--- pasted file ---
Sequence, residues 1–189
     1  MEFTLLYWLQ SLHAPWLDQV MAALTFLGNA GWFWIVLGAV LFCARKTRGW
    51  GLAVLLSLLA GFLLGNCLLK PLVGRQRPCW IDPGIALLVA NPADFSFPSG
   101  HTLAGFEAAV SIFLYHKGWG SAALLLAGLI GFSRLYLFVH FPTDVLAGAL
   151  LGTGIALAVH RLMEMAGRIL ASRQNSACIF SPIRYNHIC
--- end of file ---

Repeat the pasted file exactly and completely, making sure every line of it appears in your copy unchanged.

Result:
Sequence, residues 1–189
     1  MEFTLLYWLQ SLHAPWLDQV MAALTFLGNA GWFWIVLGAV LFCARKTRGW
    51  GLAVLLSLLA GFLLGNCLLK PLVGRQRPCW IDPGIALLVA NPADFSFPSG
   101  HTLAGFEAAV SIFLYHKGWG SAALLLAGLI GFSRLYLFVH FPTDVLAGAL
   151  LGTGIALAVH RLMEMAGRIL ASRQNSACIF SPIRYNHIC